I am not all in all that handy with tools. I man got to know his limitations.
posted 05-31-2002 10:28 AM ET (US)
Just remoned lower transon drain tube on '** Newtauk. I cut lip of rim drain with a dremel cut off peice (waffer thin disc) careful to just cut brass in 4 placeds. then pulled rim into the center. I then used a scrap piece of pine for 2"x2" and whittled (sp.) down to a round-ish end. I tapped the drain out with a rubber mallet and the wood piece. Easy and took about 10 minutes. the original pipe has a slight angle in it. The rubber O-rings had begun to rot the pipe was OK but showing signs of age. Has new brass piece and am waiting for crimping tool from Hamilton Marine. Local Marine mechanic recommends 3M 4200 vs 5200...the debate continues.. have a great weekend all. John O
|Tom W Clark||
posted 05-31-2002 01:10 PM ET (US)
Plastic drain tubes are used on the new Whalers and are being used by some Whaler owners to replace the original brass tubes. This makes some sense for a Whaler that will be moored in salt water which will degrade the brass much more than fresh water.
I do not for a minute think that plastic is the end all for drain tubes. It is true that plastic will not rust or corrode but the notion that it will last forever is just not true.
My concern with plastic would be it breaking down with age. I deal with plastic parts all the time that become brittle and fall apart after a few years. I believe sunlight and the UV rays have a lot to do with this but even a drain tube in a Whaler is going to suffer.
For a fresh water boat brass may be the better choice. Witness the durability of the drain tubes in CSW. After 32 years they were still in good shape. I do not think plastic will last that long. The O-rings were not as durable and because of this the seal was lost. The seal may have been lost in the 1970's, who knows?
For installation of a plastic drain tube, wouldn't it just be better to glue a length of tube in with a caulk and not even worry about the ends? The caulk will hold it in place and provide the seal so why even worry about aligning flanges and getting some special part? The ends can then be ground flush with the hull and allow more complete drainage.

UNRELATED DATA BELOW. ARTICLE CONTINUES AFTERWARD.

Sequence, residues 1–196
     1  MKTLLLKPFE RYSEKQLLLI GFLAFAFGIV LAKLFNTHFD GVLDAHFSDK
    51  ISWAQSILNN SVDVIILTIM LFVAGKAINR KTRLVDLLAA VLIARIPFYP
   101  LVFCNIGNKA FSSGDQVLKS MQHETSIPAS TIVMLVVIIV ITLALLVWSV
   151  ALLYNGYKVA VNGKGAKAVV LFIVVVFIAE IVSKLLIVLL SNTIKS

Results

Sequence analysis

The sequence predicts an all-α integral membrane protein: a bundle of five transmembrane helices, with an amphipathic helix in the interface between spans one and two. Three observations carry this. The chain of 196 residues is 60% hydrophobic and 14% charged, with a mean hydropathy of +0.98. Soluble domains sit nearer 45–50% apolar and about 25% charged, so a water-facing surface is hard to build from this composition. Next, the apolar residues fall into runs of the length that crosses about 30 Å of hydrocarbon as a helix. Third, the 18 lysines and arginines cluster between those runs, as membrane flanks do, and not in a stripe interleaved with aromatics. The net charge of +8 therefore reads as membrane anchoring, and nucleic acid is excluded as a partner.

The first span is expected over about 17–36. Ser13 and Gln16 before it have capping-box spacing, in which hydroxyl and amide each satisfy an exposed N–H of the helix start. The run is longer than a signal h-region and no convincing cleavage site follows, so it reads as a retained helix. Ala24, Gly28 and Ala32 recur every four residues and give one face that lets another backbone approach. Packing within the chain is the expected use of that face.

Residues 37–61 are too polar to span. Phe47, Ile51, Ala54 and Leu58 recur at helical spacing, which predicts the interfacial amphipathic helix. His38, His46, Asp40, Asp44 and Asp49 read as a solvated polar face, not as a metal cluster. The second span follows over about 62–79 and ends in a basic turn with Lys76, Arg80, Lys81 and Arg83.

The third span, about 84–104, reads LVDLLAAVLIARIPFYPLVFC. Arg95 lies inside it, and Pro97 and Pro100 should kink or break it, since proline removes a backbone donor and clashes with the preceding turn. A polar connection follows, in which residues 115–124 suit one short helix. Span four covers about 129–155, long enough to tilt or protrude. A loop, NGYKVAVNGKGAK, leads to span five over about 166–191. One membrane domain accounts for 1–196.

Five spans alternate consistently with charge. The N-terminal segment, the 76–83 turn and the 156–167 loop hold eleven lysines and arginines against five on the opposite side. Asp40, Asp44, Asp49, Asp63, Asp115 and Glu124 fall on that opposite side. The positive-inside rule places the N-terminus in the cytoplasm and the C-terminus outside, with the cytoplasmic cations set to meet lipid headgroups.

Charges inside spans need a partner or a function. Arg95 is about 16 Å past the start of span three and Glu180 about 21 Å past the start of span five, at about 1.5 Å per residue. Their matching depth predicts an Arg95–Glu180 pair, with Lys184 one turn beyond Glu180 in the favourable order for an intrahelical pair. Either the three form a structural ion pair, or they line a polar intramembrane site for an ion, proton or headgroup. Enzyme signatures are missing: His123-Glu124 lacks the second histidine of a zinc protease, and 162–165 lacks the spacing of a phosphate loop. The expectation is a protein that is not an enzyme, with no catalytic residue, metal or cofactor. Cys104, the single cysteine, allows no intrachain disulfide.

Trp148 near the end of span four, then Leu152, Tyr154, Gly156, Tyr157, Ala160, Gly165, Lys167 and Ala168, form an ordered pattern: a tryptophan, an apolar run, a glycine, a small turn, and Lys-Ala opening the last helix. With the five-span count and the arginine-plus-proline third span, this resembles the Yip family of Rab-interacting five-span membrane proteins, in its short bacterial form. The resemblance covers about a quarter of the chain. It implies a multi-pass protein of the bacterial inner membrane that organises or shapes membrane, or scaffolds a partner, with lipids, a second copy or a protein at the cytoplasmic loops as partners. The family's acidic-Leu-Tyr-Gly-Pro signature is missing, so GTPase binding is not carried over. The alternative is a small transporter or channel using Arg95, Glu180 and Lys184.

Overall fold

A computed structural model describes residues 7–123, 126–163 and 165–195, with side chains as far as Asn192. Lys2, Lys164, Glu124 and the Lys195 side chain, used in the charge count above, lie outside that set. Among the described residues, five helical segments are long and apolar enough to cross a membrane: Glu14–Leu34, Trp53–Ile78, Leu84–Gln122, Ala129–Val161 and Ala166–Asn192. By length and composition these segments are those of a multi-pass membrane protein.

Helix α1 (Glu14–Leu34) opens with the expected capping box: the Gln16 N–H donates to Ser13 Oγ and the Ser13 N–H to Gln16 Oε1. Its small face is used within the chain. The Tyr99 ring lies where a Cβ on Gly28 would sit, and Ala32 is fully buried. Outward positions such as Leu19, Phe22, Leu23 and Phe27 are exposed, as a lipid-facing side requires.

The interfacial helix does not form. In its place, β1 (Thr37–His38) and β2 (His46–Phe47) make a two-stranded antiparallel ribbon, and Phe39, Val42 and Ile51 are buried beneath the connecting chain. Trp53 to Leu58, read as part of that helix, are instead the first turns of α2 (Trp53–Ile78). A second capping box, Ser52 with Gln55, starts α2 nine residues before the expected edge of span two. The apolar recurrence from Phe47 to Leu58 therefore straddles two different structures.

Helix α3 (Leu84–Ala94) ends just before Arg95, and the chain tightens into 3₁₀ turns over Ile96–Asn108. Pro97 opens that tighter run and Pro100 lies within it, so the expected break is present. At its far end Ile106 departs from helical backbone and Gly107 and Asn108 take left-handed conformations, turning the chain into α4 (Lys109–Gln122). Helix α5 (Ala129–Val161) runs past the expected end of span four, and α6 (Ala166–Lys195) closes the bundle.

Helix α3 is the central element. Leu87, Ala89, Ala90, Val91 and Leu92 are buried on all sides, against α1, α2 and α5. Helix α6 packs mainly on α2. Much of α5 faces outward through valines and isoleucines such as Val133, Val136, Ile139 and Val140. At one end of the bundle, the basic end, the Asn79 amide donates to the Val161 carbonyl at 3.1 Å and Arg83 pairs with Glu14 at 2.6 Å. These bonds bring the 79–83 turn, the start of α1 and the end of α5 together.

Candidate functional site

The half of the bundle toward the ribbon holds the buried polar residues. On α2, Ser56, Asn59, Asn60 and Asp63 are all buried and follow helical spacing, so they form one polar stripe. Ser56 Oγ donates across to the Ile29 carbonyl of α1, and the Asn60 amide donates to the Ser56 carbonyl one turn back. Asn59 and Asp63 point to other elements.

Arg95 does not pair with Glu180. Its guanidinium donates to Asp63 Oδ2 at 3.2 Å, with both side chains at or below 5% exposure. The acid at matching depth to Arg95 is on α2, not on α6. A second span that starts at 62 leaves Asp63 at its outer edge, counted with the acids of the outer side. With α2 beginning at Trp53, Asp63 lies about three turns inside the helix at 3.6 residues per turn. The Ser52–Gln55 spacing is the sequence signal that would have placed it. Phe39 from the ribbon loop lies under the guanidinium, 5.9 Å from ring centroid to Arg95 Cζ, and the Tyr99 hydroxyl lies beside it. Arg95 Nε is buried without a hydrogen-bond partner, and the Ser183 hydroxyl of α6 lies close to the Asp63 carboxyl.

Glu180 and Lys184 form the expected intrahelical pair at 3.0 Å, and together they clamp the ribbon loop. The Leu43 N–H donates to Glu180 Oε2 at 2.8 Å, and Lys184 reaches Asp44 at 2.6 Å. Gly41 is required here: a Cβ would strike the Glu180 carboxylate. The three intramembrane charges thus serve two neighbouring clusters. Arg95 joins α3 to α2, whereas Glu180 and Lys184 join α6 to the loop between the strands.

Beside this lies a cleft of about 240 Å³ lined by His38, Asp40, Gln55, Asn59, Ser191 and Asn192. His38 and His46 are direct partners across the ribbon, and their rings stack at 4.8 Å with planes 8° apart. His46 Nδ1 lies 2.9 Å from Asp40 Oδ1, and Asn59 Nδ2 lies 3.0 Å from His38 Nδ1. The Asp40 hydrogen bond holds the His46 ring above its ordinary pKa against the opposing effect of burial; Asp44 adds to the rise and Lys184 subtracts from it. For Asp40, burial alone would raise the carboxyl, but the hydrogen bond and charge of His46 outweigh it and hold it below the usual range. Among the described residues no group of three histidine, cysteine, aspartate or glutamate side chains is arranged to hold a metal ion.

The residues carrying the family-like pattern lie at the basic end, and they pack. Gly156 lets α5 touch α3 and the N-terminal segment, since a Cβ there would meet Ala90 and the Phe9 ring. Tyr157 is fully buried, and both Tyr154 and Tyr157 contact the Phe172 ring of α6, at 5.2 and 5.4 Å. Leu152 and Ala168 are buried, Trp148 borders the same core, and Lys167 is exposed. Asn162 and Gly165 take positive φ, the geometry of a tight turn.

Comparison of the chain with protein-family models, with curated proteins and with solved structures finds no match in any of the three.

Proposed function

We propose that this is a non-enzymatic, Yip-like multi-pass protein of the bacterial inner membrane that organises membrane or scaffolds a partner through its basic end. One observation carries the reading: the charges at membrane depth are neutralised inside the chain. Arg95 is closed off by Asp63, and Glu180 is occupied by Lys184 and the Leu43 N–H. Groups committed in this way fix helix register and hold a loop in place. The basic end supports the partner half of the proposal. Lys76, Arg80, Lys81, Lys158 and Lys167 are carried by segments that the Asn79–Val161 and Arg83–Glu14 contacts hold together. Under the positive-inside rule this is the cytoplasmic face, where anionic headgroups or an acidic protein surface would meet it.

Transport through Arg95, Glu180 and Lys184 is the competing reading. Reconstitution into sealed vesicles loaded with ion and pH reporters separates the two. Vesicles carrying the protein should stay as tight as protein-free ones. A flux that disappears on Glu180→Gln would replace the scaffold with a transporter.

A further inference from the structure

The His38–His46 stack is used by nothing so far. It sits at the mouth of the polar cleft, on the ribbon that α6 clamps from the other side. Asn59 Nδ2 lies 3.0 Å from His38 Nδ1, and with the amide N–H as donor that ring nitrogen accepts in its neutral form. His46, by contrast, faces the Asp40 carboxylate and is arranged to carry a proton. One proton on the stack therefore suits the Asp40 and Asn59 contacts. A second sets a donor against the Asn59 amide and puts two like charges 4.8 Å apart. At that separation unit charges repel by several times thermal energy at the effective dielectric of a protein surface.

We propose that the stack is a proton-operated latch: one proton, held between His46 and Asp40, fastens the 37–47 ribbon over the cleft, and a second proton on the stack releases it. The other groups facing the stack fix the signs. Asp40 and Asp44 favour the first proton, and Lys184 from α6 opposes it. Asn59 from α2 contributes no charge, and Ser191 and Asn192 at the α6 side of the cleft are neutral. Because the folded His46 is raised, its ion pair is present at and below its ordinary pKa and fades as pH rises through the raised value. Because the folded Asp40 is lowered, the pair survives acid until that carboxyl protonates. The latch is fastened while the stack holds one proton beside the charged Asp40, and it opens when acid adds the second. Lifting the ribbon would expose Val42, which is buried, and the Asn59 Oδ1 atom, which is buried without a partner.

That immaculate 1989 25 Hard Top Walk around I looked in January had all the through hulls replaced with plastic tubes. The guy who did the work epoxied them in place. In i.d. of the tube was much smaller, like 3/4 which I did not like and the build up of epoxy along with the flanges on the tubes themselves made for poorly draining sump areas. It looked rough as well, quite different than the rest of the boat.
I agree that enlarging the hole for a plastic tube presents its own set of liabilities. You don't want to mess it up an over size the hole in your boat.
Using the original brass tubes has the advantage of keeping the boat original as well. With the addition of a good caulk it will be sealed just as well as a plastic tube. So it seems durability is the one issue and a lot of that has to do with where the boat will be kept.
For caulking a drain tube in, be it plastic or brass, I think this is one place where 3M 5200 is NOT appropriate. It will make future replacement too difficult. 3M 4200 would be a better choice as would 3M 101 or Sika 240. I think drain tube replacement needs to be considered a maintenance item and as such you want to be able to get them out in the future.
posted 06-16-2002 03:37 AM ET (US)
Has anyone done this in one of the bigger boats like the Revenges? Any surprises in store for me in the bigger hulls? I'm thinking of doing plastic instead of brass since the boat will be in salt exclusively.
posted 06-16-2002 06:05 PM ET (US)
When I replaced my brass drains, I first used a drum sander (had one that was a perfect size) to clean up the hole (wood and fiberglass)then I put some of that life time boat chaulk on all the surfaces (brass and the hole)... My thinking was that if any water should make it past the O ring then the boat chaulk would act as a second barrier... I hope I'm not the poor *#&** that has to change out these drains the next time... I just used needle noze pliers and twisted the old brass tube around it (much like the old coffee cans used to open)... This worked pretty good on the old originals...
posted 06-17-2002 01:26 AM ET (US)
Actually got all of the perko covers off with out much trouble -- chipping off the bottom paint and then gouging out the screw slots with a sharp angle tool (like a dentist!)
Like most have said, the drains are thin and easy to bend toward the center of the hole (from outside the hull) and then just pull out from inside of the boat with vise grips.
Got about a cup of water from the lowest drain -- and this is on a boat that hasn't been in the water since January!
Four out, three to go. Fun way to spend my first day with the boat, though.
|Tom W Clark||
posted 06-17-2002 09:42 AM ET (US)
With the brass drain tubes, you do not want to coat the entire tube in caulk. It might seem to act as a second barrier but it will not. Even if the entire tube were coated on caulk, water getting past the o-ring will be on the "back side" of the caulk and in contact with the foam. The only thing the caulk will now do is protect the water in the foam from contacting the brass of the tube.